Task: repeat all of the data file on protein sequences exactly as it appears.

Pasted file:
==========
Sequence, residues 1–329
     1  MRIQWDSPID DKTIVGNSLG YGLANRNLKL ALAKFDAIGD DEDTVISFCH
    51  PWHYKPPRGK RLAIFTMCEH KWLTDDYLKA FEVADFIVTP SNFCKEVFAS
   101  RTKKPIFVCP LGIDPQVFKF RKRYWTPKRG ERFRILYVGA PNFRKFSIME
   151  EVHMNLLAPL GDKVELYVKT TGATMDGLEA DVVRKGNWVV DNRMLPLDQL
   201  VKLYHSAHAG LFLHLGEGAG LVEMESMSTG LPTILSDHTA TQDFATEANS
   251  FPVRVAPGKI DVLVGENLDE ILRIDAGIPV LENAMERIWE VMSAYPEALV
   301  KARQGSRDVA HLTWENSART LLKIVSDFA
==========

Sequence, residues 1–329
     1  MRIQWDSPID DKTIVGNSLG YGLANRNLKL ALAKFDAIGD DEDTVISFCH
    51  PWHYKPPRGK RLAIFTMCEH KWLTDDYLKA FEVADFIVTP SNFCKEVFAS
   101  RTKKPIFVCP LGIDPQVFKF RKRYWTPKRG ERFRILYVGA PNFRKFSIME
   151  EVHMNLLAPL GDKVELYVKT TGATMDGLEA DVVRKGNWVV DNRMLPLDQL
   201  VKLYHSAHAG LFLHLGEGAG LVEMESMSTG LPTILSDHTA TQDFATEANS
   251  FPVRVAPGKI DVLVGENLDE ILRIDAGIPV LENAMERIWE VMSAYPEALV
   301  KARQGSRDVA HLTWENSART LLKIVSDFA